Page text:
Electronic Theses and Dissertations





Date of Award


Document Type


Degree Name

Doctor of Philosophy



Committee Chair

Robert R Taylor

Committee Member

Peter Wright

Committee Member

Carol Danehower

Committee Member

Coy Jones


As trends in the labor market indicate growing worker shortages, the problem of incorporating workers with low literacy skills into the workplace becomes more important. There are significant numbers of low literate workers in the labor market who pose hard dollar costs on business and society due to literacy related mistakes.Organizations have been moving toward more participative work designs in efforts to attract and maintain satisfied and motivated workforces. There are significant skill sets required to become successful team members. Many of these skills are outlined in management literature, but one glaring oversight is dealing with the issue of low literate workers. Little or no theoretical foundation has been established that proposes how to best incorporate low literate workers into organizations.The purpose of this study was to investigate the design of the workplace to determine if a team oriented work design or a directive management design was more conducive to maintaining self-efficacy beliefs of low literate workers. The study also considered coping styles of low literate workers as a potential moderating influence on the work-design self-efficacy relationship.Research was conducted on 179 subjects identified through participation in Adult Basic Education courses throughout West Tennessee. Low literate workers could not be given traditional pen and paper surveys so subjects were shown videotaped scenarios that represented the different work designs.The research showed that low literate workers had higher self-efficacy beliefs in a directive work setting than a participative work setting. Low literate workers also expressed greater preference for the directive setting than the participative setting. Coping strategies were not found to have significant influences on the self-efficacy beliefs. Recommendations are made for methods of including low literate workers in the organization and for additional streams of research that need to be considered.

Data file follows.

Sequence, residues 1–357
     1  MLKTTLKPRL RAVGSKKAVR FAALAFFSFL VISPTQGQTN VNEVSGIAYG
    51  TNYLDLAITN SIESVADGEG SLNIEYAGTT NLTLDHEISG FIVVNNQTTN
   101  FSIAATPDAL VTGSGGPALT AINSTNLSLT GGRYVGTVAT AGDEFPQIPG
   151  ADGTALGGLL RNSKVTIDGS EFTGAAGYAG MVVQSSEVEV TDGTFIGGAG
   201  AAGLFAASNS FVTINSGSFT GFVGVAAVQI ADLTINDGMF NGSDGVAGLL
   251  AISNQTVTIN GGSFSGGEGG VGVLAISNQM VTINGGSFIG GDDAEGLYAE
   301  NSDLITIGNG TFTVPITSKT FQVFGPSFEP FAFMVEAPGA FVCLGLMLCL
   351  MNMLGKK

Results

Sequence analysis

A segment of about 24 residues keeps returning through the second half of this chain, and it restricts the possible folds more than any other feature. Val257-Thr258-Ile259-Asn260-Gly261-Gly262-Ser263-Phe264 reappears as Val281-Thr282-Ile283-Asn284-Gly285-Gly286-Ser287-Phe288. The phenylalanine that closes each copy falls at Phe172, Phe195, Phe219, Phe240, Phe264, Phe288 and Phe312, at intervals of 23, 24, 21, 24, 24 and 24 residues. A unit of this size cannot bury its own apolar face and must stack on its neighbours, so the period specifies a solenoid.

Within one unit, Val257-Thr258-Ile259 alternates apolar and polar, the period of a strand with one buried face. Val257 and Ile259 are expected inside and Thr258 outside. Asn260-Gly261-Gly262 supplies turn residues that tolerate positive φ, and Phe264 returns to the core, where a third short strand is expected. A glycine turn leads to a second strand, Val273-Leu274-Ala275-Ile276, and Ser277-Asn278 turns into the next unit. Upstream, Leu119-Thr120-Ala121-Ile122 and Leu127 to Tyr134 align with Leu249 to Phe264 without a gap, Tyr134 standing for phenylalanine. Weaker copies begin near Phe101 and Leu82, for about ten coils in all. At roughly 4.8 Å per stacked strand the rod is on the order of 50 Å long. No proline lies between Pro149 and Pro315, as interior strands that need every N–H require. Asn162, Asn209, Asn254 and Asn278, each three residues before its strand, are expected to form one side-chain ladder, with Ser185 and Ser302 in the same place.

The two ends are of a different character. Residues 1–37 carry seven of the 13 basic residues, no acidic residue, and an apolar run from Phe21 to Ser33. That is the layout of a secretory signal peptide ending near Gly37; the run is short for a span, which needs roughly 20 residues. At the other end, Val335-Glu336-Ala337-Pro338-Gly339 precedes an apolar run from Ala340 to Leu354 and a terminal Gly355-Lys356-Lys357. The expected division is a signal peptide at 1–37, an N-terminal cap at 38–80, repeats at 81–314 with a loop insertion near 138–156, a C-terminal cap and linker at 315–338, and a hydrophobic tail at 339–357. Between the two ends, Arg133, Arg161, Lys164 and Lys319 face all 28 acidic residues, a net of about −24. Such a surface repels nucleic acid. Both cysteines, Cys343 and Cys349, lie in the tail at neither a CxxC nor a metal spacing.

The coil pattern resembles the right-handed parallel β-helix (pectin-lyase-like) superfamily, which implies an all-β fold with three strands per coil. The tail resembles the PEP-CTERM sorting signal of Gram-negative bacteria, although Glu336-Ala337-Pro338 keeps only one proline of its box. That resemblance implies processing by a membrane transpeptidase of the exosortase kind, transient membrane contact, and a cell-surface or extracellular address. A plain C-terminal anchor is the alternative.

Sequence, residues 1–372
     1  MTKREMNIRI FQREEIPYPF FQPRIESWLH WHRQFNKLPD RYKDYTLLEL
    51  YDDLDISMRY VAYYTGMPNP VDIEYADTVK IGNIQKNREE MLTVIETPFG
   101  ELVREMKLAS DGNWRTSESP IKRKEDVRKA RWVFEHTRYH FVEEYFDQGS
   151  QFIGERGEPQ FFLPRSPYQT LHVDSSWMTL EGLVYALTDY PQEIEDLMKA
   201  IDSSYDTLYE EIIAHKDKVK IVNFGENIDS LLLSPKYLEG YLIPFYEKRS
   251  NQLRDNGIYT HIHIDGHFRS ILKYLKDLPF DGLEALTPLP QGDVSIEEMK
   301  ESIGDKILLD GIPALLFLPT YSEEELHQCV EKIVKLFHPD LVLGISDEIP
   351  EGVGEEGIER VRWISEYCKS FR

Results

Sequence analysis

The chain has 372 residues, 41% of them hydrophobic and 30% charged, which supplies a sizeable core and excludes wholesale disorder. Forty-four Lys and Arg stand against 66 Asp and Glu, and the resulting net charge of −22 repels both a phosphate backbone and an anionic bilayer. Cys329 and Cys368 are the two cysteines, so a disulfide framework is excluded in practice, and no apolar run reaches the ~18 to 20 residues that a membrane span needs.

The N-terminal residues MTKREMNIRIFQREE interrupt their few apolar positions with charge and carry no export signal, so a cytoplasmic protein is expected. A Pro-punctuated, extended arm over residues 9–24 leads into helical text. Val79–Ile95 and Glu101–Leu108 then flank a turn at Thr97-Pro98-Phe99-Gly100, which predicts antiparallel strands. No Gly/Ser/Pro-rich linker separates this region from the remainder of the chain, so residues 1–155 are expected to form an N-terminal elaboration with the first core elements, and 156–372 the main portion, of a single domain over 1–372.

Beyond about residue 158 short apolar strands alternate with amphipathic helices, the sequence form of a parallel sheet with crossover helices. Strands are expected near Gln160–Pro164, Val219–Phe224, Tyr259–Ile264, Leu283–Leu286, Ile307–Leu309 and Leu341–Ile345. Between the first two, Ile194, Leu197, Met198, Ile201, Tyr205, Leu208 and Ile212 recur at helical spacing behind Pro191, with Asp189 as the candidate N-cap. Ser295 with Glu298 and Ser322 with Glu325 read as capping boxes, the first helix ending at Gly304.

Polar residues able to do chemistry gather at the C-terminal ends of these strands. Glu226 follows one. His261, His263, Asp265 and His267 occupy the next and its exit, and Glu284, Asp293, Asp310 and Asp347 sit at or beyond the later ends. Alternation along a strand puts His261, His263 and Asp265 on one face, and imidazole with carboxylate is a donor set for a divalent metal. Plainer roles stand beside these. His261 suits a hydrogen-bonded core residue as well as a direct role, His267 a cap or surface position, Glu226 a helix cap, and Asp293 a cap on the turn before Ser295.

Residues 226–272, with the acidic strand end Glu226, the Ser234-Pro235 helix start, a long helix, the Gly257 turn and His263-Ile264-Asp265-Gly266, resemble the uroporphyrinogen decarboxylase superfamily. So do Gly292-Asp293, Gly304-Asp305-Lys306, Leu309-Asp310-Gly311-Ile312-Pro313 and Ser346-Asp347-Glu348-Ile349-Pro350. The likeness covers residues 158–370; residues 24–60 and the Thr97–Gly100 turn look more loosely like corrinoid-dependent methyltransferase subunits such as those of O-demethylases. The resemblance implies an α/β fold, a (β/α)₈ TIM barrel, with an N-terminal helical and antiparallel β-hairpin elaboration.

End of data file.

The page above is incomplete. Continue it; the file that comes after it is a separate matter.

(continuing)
Data is provided by the student.

Library Comment

dissertation or thesis originally submitted to the local University of Memphis Electronic Theses & dissertation (ETD) Repository.